• BSE

Kitchen Fires—Destructive but Avoidable. Here’s How.


The alarming number of commercial kitchen fires these last few months alone has made it imperative for us to spread awareness among business owners and the public on crucial information and practices regarding kitchen safety.


Common causes

Small fires commonly occur in the kitchen due to

  • Overheated cooking oil on the stove or in a deep pan fryer by grill

  • Unattended cooking

  • Malfunction of cooking equipment

  • Tossing cooking style

  • Overheated cooking

  • Grease accumulation inside kitchen exhaust ducts over a period of time

  • Fire in the ducts started by sparks or by fire from the stove

Being continually exposed to high heat, open flame and/or flammable substances, all commercial kitchens are required by the SCDF Fire Code 7.1.13 to be fitted with an exhaust system (Kitchen Suppression System) to support the fire-fighting operations in the building.


Kitchen Suppression System

Located as an exhaust duct over the cooking area, the system detects and extinguishes fire in the following ways:

  • Nozzles in the kitchen exhaust hoods discharge wet chemical solutions over the fire which 1) cover the flames and 2) starve them of oxygen

  • The gas line for the kitchen area is immediately cut off once the system is activated, depriving the fire of fuel

  • The hood is automatically turned on to remove smoke from the kitchen

Benefits:

  • Preventing a kitchen fire is less expensive than 1) repairing the structural damage after a fire, 2) replacing materials and 3) suspending operations for a long period of time

  • The spread of the fire is controlled and restricted to an individual station’s cooking surface rather than the whole kitchen

What kind of establishments require a Kitchen Suppression System?

  • Food courts

  • Restaurants

  • Small F&B outlets

  • Coffee houses

  • Hotel owners/operators

  • Commercial cooking operations in general

Who is responsible for the Kitchen Suppression System?

According to the SCDF Fire Code 4.12 (Kitchen exhaust ducts),

  • Building Owners and Council Members are responsible by regulation

  • Fire Protection Specialists, like BSE, MCST Managing agencies, and/or technicians are engaged to assist Building Owners and Council Members

What kind of maintenance will the Kitchen Suppression System need and how often?

According to regulations, the common frequency of inspection, testing and maintenance of the Kitchen Suppression System, including degreasing operations, is YEARLY. The regulatory testing of the Kitchen Suppression System is also conducted ANNUALLY.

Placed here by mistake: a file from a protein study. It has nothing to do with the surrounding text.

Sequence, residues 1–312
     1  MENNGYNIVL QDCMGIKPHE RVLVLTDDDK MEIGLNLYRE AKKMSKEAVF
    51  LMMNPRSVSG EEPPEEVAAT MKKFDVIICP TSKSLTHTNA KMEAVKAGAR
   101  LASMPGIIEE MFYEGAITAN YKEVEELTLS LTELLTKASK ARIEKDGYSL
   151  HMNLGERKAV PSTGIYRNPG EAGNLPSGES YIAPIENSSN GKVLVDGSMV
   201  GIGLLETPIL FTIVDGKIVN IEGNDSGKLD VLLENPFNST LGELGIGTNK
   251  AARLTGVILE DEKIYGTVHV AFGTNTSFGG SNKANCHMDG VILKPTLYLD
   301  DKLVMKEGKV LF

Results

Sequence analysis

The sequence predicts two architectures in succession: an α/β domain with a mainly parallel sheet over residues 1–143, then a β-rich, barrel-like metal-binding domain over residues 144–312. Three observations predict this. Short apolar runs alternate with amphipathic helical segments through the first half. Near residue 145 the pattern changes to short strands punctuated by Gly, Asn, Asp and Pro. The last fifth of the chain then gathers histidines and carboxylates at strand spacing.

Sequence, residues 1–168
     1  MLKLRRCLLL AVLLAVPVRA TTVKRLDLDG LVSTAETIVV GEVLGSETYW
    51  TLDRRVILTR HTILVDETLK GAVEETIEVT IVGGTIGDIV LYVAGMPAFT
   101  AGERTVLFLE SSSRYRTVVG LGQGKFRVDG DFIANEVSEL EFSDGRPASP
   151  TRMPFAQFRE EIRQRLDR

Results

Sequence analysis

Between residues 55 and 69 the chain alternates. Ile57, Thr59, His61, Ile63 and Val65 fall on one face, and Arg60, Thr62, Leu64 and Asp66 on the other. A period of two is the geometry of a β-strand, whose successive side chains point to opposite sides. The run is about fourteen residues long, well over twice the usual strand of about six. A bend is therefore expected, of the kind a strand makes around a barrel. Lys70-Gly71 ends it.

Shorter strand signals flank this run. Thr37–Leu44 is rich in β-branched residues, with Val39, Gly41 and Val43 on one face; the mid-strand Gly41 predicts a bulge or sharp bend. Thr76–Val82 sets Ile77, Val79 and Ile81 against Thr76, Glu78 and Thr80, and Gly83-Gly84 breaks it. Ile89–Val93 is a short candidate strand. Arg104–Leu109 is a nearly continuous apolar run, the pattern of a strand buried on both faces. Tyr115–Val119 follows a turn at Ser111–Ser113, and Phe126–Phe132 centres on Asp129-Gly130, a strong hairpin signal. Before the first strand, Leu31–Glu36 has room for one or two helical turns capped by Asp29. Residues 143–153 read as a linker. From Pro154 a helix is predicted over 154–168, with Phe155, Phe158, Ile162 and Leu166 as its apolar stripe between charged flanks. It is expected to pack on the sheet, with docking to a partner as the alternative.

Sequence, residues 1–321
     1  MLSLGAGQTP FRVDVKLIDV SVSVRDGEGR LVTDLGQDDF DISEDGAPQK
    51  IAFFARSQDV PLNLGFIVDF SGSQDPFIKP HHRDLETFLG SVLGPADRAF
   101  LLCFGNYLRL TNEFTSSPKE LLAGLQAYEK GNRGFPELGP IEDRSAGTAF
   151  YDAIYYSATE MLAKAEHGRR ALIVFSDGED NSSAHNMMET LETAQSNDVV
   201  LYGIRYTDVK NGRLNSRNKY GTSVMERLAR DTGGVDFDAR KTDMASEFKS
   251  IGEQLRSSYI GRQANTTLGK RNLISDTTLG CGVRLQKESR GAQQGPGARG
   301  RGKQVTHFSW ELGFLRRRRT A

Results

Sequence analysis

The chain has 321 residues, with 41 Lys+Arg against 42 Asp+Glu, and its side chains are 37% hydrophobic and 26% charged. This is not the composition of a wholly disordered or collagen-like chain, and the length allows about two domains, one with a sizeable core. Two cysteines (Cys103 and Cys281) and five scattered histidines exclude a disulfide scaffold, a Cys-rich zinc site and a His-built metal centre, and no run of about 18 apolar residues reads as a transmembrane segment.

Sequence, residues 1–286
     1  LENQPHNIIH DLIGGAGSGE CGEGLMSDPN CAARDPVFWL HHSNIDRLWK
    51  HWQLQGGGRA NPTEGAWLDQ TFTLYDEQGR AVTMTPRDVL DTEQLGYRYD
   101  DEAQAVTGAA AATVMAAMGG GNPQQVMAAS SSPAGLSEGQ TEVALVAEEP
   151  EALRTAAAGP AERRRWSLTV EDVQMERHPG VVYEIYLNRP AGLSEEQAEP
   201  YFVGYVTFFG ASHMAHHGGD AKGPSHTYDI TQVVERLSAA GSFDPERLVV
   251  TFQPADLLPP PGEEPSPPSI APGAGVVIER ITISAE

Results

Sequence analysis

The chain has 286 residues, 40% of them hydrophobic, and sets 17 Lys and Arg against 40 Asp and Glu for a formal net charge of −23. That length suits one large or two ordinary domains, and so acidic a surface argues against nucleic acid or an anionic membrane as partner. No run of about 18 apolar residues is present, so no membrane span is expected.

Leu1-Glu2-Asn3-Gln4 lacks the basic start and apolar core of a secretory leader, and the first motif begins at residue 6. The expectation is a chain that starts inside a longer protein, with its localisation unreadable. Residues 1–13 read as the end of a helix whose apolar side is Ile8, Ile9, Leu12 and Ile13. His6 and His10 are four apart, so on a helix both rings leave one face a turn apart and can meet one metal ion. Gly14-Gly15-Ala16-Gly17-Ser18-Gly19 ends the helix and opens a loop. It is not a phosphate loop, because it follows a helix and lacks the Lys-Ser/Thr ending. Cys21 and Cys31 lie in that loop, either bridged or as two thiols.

Basic features of the Kitchen Suppression System

This fixed installation of a fire suppression system for the kitchen area includes these basic components:


General

  • System connected to Main/Sub Fire Alarm Panel

  • Automatic cut-off device for gas fuel supply provided

  • Emergency manual release for extinguishing agent provided

  • Signs “IN CASE OF FIRE—PULL TO RELEASE” and “CALL 995” are provided

Cylinder for Extinguishing Agent

  • PSB Approved label provided

  • Rigidly mounted

  • Serviced by fire safety work contractor/competent personnel

  • Date of Service

Nozzle and pipe works

  • Rigidly mounted

  • Free of grease (internally and externally)

  • Free of obstruction

  • Double layer provided

Heat activating device

  • Fusible link enclosed in piping

  • Free of obstruction

  • Free of grease

  • Properly installed

  • Verified to be in functioning condition (simulated test conducted)

Tips on having an optimum Kitchen Suppression System:

  • Exhaust ducts and kitchen hoods should be degreased and cleaned at least once every 12 months

  • Tell-tale signs of a problem: 1) Leaking hoods and/or 2) Leaking ducts

  • Ensure that the system is UL 300 approved

  • Ensure that the Kitchen Exhaust Ducting System is approved by the relevant code of practices

  • Ensure that the gas supply safety shut-off valve system interlocks with the Kitchen Suppression System

  • Do not use water to extinguish a cooking fire as the chemical reaction could cause the fire to grow and spread

  • Use a wet towel instead or allow the Kitchen Suppression System to extinguish the fire

References:

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